And if you’re lucky enough to stay just outside the centre of town like we were, you will be surrounded by the beauty of rice paddies and treated to views such as this:
Ha Long Bay
Before we went to Vietnam, I happened to read quite a few travel blogs that said Ha Long Bay was overrated. As we were only visiting for ten days, our time was really limited, so we were wrestling with the decision as to whether we should make the journey there or not.
We did, and we definitely made the right decision.
The UNESCO World Heritage Site is ethereally beautiful; tranquil turquoise water is juxtaposed against thousands of limestone islands, which makes the bay a marvel to look at. The whole place has a mystical feel to it, thanks to the mist that hangs over the place for a lot of the year.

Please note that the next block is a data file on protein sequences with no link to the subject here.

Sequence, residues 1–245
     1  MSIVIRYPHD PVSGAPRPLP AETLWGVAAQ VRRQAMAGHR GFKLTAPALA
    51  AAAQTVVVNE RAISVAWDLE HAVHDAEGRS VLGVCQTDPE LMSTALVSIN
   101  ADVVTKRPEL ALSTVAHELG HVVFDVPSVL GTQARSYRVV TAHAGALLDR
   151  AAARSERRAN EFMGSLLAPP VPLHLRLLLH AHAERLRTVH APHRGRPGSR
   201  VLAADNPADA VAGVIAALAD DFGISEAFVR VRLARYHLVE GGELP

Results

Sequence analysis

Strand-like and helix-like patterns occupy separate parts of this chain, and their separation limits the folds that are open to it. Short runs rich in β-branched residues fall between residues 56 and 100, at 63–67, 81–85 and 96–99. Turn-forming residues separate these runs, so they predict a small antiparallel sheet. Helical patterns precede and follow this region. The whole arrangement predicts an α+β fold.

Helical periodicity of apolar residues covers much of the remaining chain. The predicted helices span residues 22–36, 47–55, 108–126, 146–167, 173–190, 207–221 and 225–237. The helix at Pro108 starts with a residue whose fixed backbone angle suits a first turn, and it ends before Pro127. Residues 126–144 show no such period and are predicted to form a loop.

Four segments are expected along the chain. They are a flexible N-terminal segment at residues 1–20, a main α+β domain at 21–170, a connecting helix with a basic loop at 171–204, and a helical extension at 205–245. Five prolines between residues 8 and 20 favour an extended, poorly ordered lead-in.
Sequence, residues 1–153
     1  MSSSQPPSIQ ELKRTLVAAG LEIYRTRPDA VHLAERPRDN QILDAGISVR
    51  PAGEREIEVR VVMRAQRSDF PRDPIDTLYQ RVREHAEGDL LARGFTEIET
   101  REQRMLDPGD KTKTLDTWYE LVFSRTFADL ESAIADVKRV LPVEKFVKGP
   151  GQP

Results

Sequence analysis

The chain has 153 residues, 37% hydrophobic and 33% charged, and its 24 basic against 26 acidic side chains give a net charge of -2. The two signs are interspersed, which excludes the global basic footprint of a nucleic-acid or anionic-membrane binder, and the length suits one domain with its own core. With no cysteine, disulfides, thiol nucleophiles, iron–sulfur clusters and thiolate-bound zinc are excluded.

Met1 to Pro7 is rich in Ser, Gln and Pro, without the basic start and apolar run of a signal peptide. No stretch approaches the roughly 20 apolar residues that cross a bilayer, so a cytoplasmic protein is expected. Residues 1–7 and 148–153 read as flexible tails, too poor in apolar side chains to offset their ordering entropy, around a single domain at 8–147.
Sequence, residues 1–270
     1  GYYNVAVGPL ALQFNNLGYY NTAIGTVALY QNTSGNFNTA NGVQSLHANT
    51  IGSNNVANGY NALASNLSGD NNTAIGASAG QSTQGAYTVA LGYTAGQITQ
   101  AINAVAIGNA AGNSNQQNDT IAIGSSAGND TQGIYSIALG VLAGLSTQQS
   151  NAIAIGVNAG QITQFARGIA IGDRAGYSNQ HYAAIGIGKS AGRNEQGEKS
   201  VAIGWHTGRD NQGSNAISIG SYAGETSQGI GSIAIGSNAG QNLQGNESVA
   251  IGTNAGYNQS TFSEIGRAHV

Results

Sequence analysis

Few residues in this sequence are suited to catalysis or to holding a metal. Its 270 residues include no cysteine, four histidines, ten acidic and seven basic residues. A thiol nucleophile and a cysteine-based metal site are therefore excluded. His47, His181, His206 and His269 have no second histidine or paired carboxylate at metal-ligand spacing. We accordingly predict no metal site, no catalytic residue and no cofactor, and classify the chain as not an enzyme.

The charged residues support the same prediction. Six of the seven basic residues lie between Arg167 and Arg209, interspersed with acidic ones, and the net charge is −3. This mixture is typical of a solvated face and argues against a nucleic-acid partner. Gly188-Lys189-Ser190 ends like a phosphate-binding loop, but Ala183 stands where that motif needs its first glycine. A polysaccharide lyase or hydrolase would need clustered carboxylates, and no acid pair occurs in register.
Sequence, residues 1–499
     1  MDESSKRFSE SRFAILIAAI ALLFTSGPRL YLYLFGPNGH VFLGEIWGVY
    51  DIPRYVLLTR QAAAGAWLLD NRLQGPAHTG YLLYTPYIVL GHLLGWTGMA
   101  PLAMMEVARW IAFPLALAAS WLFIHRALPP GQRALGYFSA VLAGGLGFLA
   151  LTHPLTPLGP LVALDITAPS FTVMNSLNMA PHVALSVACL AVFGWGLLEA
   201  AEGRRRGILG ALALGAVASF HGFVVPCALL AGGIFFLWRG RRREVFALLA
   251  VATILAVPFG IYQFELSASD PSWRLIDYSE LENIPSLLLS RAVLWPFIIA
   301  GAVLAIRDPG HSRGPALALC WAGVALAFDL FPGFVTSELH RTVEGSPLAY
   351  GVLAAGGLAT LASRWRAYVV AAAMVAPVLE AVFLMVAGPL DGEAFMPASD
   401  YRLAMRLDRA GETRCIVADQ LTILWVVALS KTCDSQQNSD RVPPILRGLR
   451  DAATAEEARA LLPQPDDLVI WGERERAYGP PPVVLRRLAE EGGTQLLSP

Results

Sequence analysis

Most people opt to do an overnight cruise while visiting (which is recommended seeing as it takes four gruelling hours in a minibus to get there from Hanoi) and there’s something kind of thrilling about being in the middle of Ha Long Bay throughout the night, civilisation nowhere to be seen (we will, of course, ignore the fact that a) there was free WiFi on board and b) we spent most the evening updating our Instagram accounts with all our awesome photos. The height of seclusion – ahem).